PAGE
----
On the thus-obtained glass plate with the JALS 684 film, applied, by bar-coating, was a solution of 100 parts by mass of Exemplified compound (2) and 2 parts by mass of the following polymerization initiator dissolved in 350 parts by mass of chloroform, and the resultant film was heated to 140° C., to male the liquid crystal compound be oriented. Then, the liquid crystal compound was polymerized by irradiation of ultraviolet ray at an intensity of 1,200 mJ/cm2, and the resultant film was cooled, to give a polymerization film having an immobilized orientation state of the liquid crystal compound. In this manner, films respectively having thicknesses of 4.43 μm (Film c), 2.49 μm (Film d) and 2.41 μm (Film d-2) were prepared, by adjusting the number of the coating bar, and the coating solution concentration.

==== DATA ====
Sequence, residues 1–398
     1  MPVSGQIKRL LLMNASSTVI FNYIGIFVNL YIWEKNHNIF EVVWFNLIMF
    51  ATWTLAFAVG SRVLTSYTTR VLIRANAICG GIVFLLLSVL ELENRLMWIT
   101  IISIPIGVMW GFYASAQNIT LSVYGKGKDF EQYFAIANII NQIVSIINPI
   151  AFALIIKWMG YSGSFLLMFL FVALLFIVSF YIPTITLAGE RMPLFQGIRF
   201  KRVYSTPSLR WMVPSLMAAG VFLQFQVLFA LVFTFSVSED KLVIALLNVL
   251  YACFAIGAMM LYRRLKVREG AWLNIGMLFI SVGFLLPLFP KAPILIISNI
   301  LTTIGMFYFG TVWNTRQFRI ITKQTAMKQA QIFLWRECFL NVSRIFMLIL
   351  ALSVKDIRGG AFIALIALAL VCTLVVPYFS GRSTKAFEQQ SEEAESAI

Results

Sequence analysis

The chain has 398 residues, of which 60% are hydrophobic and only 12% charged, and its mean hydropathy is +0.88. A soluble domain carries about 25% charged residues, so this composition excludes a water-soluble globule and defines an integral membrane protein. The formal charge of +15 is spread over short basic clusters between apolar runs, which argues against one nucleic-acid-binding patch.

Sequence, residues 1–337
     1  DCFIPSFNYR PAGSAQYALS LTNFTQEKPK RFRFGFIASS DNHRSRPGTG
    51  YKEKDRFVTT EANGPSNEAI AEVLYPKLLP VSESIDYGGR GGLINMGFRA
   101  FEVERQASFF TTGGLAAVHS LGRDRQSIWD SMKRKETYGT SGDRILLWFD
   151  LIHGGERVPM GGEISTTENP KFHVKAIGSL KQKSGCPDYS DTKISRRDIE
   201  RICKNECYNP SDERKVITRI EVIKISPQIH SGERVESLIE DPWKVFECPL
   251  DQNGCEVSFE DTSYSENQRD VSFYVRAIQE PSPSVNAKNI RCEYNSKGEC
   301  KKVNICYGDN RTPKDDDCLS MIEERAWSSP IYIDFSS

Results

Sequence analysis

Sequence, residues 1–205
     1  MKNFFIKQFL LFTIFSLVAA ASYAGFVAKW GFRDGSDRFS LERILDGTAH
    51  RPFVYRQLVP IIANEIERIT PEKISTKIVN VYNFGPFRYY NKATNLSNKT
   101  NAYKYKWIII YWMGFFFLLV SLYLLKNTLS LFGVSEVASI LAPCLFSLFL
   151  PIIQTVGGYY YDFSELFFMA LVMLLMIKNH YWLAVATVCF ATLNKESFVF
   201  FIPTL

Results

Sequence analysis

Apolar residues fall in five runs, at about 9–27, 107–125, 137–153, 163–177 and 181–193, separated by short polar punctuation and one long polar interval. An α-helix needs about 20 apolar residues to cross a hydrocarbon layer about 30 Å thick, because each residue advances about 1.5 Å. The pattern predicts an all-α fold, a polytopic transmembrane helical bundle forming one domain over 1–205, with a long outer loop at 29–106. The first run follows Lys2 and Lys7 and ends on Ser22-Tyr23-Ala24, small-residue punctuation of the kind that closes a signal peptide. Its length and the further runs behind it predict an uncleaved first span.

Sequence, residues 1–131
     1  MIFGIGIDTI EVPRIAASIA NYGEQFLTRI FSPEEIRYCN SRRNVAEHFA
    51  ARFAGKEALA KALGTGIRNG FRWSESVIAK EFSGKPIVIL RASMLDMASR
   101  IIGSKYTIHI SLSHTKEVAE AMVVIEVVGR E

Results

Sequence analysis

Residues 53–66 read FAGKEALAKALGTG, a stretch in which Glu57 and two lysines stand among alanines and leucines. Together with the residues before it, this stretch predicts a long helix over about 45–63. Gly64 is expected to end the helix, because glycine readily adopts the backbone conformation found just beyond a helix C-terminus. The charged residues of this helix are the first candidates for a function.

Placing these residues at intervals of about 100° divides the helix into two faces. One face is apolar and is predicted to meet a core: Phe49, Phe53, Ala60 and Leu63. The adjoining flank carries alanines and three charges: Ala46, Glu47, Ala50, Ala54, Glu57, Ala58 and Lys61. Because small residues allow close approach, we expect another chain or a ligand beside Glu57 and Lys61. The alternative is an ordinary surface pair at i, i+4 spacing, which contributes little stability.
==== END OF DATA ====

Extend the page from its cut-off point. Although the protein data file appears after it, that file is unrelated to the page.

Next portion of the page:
Figure US08257611-20120904-C00064

The thus-obtained Films c, d and d-2 were analyzed by using an automatic birefringence meter (KOBRA-21ADH, trade name, manufactured by Oji Scientific Instruments Co., Ltd.), and the results are summarized in Table 3.

TABLE 3
Measurement wavelength 450 nm 550 nm 650 nm
Film c Re  −2 nm   0 nm   1 nm
Rth −165 nm  −210 nm −224 nm
Rth/Rth (550) 0.786 1 1.067
Film d Re  0 nm   0 nm   0 nm
Rth −96 nm −122 nm −130 nm
Rth/Rth (550) 0.787 1 1.066
Film d-2 Re  0 nm   0 nm   0 nm
Rth −93 nm −118 nm −126 nm
Rth/Rth (550) 0.788 1 1.065

As is apparent from the results in Table 3, the Films c, d and d-2 each had a Re value of about 0 (zero) at each measurement wavelength and a Rth value of negative at each wavelength, which indicates that the Exemplified compound (2) was oriented on the film plane almost vertically.